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Lost Branches on the Tree of Life

  • Bryan T. Drew mail,

    bdrew@ufl.edu

    Affiliation: University of Florida, Gainesville, Florida, United States of America

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  • Romina Gazis,

    Affiliation: Clark University, Worcester, Massachusetts, United States of America

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  • Patricia Cabezas,

    Affiliations: Brigham Young University, Provo, Utah, United States of America, George Washington University, Washington, DC, United States of America

    X
  • Kristen S. Swithers,

    Affiliation: Smith College, Northampton, Massachusetts, United States of America

    X
  • Jiabin Deng,

    Affiliation: University of Florida, Gainesville, Florida, United States of America

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  • Roseana Rodriguez,

    Affiliation: University of Florida, Gainesville, Florida, United States of America

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  • Laura A. Katz,

    Affiliation: Smith College, Northampton, Massachusetts, United States of America

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  • Keith A. Crandall,

    Affiliation: George Washington University, Washington, DC, United States of America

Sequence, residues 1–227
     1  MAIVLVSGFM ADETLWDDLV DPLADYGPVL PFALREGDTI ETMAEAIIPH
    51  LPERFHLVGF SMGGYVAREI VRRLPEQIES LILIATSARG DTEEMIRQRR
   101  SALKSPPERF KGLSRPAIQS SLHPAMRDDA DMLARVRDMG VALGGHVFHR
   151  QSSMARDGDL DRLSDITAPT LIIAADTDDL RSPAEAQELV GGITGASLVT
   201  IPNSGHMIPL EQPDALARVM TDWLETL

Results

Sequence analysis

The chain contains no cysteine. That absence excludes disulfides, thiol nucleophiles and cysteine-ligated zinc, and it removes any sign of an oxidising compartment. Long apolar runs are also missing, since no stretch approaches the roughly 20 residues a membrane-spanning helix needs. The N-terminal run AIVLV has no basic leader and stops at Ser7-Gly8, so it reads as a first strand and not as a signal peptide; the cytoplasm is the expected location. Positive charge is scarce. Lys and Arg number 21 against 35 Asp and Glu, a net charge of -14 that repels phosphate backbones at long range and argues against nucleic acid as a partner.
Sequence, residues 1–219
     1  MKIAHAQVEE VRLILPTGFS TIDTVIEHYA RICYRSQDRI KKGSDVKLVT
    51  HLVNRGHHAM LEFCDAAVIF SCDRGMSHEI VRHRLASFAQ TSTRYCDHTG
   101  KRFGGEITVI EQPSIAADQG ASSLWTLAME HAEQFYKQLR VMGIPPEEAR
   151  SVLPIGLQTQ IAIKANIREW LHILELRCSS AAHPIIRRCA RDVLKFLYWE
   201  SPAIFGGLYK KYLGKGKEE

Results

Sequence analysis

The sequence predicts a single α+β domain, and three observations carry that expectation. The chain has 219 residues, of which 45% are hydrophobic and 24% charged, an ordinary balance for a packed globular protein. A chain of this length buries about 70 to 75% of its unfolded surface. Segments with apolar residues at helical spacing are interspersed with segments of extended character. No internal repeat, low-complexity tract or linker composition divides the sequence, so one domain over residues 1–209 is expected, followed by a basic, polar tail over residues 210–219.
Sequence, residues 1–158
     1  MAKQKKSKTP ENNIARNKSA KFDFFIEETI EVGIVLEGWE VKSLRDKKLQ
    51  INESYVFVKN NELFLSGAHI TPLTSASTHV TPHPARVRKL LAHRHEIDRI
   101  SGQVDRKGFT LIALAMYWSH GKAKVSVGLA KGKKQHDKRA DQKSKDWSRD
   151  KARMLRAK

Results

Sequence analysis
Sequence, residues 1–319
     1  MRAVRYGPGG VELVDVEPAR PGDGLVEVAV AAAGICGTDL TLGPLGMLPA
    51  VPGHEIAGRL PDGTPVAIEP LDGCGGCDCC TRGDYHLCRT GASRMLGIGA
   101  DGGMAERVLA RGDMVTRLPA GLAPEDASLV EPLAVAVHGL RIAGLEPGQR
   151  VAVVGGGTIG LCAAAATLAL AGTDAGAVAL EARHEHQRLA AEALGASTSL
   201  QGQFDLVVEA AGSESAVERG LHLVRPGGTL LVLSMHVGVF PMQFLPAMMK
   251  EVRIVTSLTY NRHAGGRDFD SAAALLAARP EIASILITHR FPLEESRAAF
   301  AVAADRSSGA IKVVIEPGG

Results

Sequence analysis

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  • David S. Hibbett,

    Affiliation: Clark University, Worcester, Massachusetts, United States of America

    X
  • Douglas E. Soltis

    Affiliations: University of Florida, Gainesville, Florida, United States of America, Florida Museum of Natural History, Gainesville, Florida, United States of America

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  • Published: September 03, 2013
  • DOI: 10.1371/journal.pbio.1001636

Reader Comments (4)

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the way we reward science needs to change....

Posted by binay on 26 Sep 2013 at 03:28 GMT

public data sharing will need:
1. enforcement by journals BEFORE publishing the articles
2. funding agencies ensuring long-term funding to run & sustain data repositories
3. common format for codes/scripts submission (biologists don't understand this but this not only is necessary but essential)
4. big & famous scientists, who regularly publish in scn journals, mandate that not a single paper goes out of the lab door unless 100% of the raw data along with software and codes/scripts gets deposited in a public repositories
5. i don't think the alignments and trees have to be deposited. if a step-by-step procedure along with codes/scripts and version of the tool/software used to generate those data is clearly mentioned in the methods section, this is good to reproduce the results. there has to be a sustainable solution for long-term data access.

lets not be presumptuous. science is v competitive and what brings rewards and grants/grant renewal is not to be a good samaritan and submit all your data/scripts/codes but publications in good journals. how many times you heard in a grant award or grant renewal mtg that one needs to be funded because he/she has been doing thorough science, has ben a good scientist and has been depositing all the raw data in time and easily accessible public repositories etc. unless the attitude towards publications and the excessive weight given to publications change, nothing is going to happen. it all stems from that. binay
p.s. i also posted this comment in part/full in other posts related to public data release.

No competing interests declared.